Mathematics | Predicates and Quantifiers | Set 1


Prerequisite : Introduction to Propositional Logic

Consider the following example. We need to convert the following sentence into a mathematical statement using propositional logic only.

"Every person who is 18 years or older, is eligible to vote."

The above statement cannot be adequately expressed using only propositional logic. The problem in trying to do so is that propositional logic is not expressive enough to deal with quantified variables. It would have been easier if the statement were referring to a specific person. But since it is not the case and the statement applies to all people who are 18 years or older, we are stuck.
Therefore we need a more powerful type of logic.

Predicate Logic
Predicate logic is an extension of Propositional logic. It adds the concept of predicates and quantifiers to better capture the meaning of statements that cannot be adequately expressed by propositional logic.

What is a predicate?

Consider the statement, “x is greater than 3″. It has two parts. The first part, the variable x, is the subject of the statement. The second part, “is greater than 3”, is the predicate. It refers to a property that the subject of the statement can have.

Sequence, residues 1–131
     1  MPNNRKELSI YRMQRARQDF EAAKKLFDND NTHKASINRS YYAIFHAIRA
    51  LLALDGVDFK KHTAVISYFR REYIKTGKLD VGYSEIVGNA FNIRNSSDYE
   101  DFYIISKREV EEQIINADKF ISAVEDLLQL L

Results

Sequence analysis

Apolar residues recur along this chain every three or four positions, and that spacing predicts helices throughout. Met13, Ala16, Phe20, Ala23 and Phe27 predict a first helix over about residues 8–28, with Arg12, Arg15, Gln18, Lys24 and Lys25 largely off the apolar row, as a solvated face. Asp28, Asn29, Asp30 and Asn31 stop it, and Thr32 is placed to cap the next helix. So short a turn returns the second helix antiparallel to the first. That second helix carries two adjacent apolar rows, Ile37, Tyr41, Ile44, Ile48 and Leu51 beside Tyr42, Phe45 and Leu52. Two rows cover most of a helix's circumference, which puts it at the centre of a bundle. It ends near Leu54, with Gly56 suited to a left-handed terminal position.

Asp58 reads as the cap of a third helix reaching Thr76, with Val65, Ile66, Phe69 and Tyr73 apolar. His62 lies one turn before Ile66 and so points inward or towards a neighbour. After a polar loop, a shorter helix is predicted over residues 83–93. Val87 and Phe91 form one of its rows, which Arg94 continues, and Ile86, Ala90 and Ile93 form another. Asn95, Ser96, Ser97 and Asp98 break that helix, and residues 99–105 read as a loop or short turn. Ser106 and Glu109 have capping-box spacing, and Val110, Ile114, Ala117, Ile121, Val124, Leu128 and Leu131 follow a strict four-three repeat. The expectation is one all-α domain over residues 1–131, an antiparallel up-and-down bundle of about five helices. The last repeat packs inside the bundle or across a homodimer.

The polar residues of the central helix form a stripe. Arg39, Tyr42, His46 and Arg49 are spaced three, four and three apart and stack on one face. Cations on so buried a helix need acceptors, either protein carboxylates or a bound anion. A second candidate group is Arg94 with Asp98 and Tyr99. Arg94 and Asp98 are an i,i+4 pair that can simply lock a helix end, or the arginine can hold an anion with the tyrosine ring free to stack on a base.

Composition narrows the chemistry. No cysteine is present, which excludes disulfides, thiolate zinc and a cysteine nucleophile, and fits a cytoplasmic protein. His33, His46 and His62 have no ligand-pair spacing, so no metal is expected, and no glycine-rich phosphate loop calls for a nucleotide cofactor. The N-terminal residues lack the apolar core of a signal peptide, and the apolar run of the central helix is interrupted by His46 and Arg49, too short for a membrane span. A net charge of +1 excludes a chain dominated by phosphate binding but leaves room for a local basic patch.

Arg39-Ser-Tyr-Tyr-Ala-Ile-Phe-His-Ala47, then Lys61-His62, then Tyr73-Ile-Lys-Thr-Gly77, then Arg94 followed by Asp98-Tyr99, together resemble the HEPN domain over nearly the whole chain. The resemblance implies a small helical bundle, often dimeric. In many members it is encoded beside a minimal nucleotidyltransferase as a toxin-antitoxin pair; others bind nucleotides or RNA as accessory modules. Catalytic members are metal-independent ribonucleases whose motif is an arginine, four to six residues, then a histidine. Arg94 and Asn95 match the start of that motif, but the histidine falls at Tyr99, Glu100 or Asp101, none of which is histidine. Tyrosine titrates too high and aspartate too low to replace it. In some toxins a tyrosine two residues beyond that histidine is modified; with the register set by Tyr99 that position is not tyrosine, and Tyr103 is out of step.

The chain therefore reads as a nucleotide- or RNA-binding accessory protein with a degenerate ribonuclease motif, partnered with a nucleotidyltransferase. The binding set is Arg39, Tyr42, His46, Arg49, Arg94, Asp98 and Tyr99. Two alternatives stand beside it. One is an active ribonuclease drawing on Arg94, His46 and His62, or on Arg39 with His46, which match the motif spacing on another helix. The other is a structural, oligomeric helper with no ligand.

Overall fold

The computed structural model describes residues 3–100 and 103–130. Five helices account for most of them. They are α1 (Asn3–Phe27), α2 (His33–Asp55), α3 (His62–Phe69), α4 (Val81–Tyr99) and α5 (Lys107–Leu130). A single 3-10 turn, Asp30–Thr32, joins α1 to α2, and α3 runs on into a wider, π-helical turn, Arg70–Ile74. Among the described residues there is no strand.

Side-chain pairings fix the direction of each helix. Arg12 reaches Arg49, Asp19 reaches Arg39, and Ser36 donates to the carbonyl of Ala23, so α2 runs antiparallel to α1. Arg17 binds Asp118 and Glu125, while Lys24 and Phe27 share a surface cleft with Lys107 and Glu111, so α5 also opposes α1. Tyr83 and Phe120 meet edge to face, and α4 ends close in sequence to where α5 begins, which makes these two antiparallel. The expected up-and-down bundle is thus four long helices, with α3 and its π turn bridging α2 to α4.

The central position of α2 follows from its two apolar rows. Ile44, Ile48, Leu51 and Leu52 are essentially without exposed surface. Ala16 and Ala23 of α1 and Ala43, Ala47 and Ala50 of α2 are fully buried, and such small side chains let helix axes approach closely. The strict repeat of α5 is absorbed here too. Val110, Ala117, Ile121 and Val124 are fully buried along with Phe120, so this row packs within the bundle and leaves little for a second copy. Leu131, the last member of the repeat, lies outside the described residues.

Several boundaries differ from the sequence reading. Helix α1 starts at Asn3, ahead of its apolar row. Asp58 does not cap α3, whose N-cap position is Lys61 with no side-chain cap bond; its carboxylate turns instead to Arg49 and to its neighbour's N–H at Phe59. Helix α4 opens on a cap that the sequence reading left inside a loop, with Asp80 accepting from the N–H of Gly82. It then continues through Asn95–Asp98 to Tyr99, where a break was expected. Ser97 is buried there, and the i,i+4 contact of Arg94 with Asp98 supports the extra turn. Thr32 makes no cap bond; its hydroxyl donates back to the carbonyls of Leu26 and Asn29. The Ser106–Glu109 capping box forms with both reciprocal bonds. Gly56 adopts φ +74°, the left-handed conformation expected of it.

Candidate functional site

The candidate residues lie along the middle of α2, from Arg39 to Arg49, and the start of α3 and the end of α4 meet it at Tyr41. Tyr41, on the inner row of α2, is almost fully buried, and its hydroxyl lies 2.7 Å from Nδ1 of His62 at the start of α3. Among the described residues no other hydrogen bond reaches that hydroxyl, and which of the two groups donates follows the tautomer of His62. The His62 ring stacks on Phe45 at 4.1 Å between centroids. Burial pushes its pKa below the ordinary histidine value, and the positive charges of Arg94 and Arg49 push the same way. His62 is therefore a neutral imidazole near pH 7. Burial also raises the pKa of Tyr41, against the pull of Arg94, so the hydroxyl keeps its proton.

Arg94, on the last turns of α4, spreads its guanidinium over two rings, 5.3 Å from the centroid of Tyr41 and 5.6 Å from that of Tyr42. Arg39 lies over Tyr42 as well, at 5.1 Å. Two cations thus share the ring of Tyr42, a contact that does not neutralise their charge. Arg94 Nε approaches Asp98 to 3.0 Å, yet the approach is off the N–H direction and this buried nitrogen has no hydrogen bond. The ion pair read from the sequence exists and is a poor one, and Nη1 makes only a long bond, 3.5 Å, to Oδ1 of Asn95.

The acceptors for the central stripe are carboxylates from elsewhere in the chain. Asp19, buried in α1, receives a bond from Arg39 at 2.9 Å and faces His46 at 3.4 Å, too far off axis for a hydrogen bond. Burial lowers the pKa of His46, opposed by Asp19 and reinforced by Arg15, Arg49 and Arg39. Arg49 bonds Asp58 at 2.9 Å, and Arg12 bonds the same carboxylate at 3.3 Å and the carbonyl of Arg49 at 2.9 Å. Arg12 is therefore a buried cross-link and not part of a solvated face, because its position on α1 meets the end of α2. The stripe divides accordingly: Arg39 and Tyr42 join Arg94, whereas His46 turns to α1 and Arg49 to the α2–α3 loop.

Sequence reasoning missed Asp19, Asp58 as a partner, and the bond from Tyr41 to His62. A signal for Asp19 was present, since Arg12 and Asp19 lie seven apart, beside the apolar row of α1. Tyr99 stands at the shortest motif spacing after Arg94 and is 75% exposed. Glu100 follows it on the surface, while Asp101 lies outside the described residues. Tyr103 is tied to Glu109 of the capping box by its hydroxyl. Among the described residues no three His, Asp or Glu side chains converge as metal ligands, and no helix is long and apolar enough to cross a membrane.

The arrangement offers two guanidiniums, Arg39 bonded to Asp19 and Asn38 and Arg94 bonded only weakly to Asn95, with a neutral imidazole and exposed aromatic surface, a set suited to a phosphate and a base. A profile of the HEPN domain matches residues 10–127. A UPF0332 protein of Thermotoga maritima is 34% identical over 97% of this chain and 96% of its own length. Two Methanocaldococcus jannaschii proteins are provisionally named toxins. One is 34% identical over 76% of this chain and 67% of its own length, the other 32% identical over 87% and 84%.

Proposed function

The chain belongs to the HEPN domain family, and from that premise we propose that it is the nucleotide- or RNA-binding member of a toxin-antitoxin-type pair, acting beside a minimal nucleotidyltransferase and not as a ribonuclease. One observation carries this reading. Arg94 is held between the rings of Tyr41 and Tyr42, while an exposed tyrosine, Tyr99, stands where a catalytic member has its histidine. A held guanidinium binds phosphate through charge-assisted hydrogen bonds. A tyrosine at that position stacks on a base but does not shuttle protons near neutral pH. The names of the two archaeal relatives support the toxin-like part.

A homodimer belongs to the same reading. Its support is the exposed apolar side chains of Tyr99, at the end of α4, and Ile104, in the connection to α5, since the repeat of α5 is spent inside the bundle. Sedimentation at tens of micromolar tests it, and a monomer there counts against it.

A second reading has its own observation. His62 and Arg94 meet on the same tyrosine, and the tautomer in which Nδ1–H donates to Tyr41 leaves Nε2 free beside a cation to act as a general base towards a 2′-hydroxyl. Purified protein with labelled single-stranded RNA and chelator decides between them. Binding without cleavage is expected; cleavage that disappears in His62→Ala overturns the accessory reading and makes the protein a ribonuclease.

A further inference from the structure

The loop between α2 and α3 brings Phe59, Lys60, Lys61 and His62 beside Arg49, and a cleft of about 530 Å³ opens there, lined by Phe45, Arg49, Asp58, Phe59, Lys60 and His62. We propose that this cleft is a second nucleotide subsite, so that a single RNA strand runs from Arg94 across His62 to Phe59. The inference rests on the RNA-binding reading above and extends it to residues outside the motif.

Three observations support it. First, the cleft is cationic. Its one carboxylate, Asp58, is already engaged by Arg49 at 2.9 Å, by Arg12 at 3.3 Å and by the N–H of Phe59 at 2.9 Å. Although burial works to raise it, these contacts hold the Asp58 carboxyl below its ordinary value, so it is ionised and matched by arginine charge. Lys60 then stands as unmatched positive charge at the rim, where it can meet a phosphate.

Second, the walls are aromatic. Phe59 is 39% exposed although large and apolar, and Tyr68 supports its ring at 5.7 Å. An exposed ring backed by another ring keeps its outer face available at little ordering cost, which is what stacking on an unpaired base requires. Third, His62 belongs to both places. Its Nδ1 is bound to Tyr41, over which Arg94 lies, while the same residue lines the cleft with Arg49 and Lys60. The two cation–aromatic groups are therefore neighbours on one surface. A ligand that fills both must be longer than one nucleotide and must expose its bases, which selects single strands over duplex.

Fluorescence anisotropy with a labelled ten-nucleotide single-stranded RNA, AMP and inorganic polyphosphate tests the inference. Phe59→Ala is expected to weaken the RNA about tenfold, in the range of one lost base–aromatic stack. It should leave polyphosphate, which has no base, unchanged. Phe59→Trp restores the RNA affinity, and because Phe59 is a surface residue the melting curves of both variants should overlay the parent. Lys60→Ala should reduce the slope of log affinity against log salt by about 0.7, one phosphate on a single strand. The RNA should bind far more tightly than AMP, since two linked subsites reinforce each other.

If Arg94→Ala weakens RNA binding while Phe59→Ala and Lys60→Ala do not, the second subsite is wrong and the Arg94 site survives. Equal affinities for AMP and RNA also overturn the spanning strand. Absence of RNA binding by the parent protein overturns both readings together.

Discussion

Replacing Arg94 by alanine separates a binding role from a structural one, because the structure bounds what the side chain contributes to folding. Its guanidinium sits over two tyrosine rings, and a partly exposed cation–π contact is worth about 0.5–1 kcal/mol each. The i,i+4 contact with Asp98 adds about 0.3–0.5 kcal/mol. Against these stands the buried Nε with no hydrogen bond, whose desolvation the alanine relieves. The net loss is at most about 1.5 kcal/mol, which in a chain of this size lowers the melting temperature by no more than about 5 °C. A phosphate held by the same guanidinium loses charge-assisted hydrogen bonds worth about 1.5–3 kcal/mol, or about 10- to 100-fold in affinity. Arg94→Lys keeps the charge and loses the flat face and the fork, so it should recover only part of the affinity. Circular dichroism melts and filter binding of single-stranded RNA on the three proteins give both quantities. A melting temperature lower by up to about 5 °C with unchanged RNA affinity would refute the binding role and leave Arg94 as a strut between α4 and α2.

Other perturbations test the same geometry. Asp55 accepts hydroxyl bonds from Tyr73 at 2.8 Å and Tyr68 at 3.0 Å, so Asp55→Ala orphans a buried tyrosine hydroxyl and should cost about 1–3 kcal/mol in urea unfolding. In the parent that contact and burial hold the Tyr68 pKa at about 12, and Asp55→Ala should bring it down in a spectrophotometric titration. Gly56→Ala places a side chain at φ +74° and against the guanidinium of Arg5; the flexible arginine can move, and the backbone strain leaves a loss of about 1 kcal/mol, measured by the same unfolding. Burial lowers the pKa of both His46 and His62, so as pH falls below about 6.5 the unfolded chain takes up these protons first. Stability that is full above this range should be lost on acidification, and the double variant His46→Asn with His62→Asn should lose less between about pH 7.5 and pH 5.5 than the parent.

The statement “x is greater than 3″ can be denoted by P(x) where P denotes the predicate “is greater than 3” and x is the variable.
The predicate P can be considered as a function. It tells the truth value of the statement P(x) at x. Once a value has been assigned to the variable x, the statement P(x) becomes a proposition and has a truth value.
In general, a statement involving n variables x1, x2, x3,.. , xn can be denoted by P(x1, x2, x3,.. , xn). Here P is also referred to as n-place predicate or a n-ary predicate.

  • Example 1: Let P(x) denote the statement “x > 10″. What are the truth values of P(11) and P(5)?

    Solution: P(11) is equivalent to the statement 11 > 10, which is True.